Two Greek words: Indos (Indian) and Nesos (islands) make for the word Indonesia. Hindiusm forms just 2% of its majority of Muslim population but when it’s Diwali – the enjoyment is not limited to any caste or creed. The Indonesian island of Bali is famous for celebrating the festival of Diwali, as a majority of the population here is that of Indians. It is one of the most revered festivals of the locals here. The celebration and rituals of the festival is similar to that celebrated by their counterparts in India but with the whole island lit up with colourful lights, it’s a sight to behold. Planning a trip to Bali this Diwali? Book it here.

 

Diwali celebrations in Guyana

One can hardly believe that the region of Guyana located on the northeast coast of South America would celebrate Diwali with much pomp and show. Hindus constitute 33% of Guyana’s total population. The Co-operative Republic of Guyana in Southern America celebrates Diwali according to the Hindu Solar calendar and is declared as a national holiday. The tradition of celebrating the festival is believed to have been brought to Guyana in the year 1853 by the first indentured people from India. The legends related to the festival are similar to that of India. The celebration of the festival includes distribution of sweets, illuminating the inside and outside of the house, exchange of greetings. The distribution of sweet signifies the importance of serving and sharing while the exchange of greeting cards denotes the goodwill of each other. The tradition of wearing new clothes for the people of Guyana is significant especially in this festival. They believe that wearing new cloth is the symbol of healthy souls in healthy bodies.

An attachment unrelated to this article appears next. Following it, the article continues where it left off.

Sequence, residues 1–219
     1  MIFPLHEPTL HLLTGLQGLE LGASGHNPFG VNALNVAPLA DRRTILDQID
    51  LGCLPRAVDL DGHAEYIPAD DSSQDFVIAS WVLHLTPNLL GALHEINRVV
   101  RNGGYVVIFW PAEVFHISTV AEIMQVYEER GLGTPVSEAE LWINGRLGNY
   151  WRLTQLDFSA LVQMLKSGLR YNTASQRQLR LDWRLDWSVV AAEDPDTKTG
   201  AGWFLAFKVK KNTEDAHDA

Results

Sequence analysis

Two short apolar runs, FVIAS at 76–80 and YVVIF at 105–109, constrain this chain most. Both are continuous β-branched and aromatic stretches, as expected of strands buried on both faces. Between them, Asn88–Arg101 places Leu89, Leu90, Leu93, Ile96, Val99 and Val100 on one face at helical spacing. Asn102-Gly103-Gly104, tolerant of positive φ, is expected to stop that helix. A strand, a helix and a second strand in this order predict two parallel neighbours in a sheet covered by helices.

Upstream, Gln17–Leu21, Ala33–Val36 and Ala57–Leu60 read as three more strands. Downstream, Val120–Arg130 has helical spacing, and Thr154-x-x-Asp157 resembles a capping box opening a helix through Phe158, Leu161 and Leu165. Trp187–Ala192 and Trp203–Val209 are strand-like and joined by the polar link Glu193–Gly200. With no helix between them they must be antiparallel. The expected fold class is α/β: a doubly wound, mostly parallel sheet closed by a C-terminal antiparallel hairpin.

Diwali celebrations in West Indies 

Trinidad in the southern-most of the Caribbean islands, lying only seven miles off the Venezuelan coast, is one of the most exciting, colourful islands of the West Indies. Considered as the land of the Humming Bird, Trinidad and Tobago has a good number of Indian population. For that reason, Hindu festivals, customs, traditions and observances forms an integral part of the society, which comprises the unique beauty of the twin island state. The Diwali celebration has a unique flavour in the Caribbean island nation. The Diwali celebrations are usually marked as an occasion to unify the nation that consists of Hindus, Muslims, Christians, Indo-Trinidadians and Afro-Trinidadians. The Diwali functions and celebrations have an official imprint as the Ministers of the Government also participate in the celebrations. The celebrations continue for over a week and the headquarters of the National Council of Indian Culture at Diwali Nagar becomes the focal point.

If travelling is on your mind during Diwali, celebrate the spirit of the festival in different parts of the world with these specially curated tours. 

 

 

Written by: Aashima Kadakia

Creative ninja and a true follower of ‘Work, Save, Travel, Repeat’, I love to travel, experience places and bring back stories for a lifetime. Born and brought up in Ahmedabad, I like to visit the same old places, the same cliched tourist spots and destinations, but choose to see the unexplored in the old places. Always inclined towards the mighty mountains in their debate with the beaches!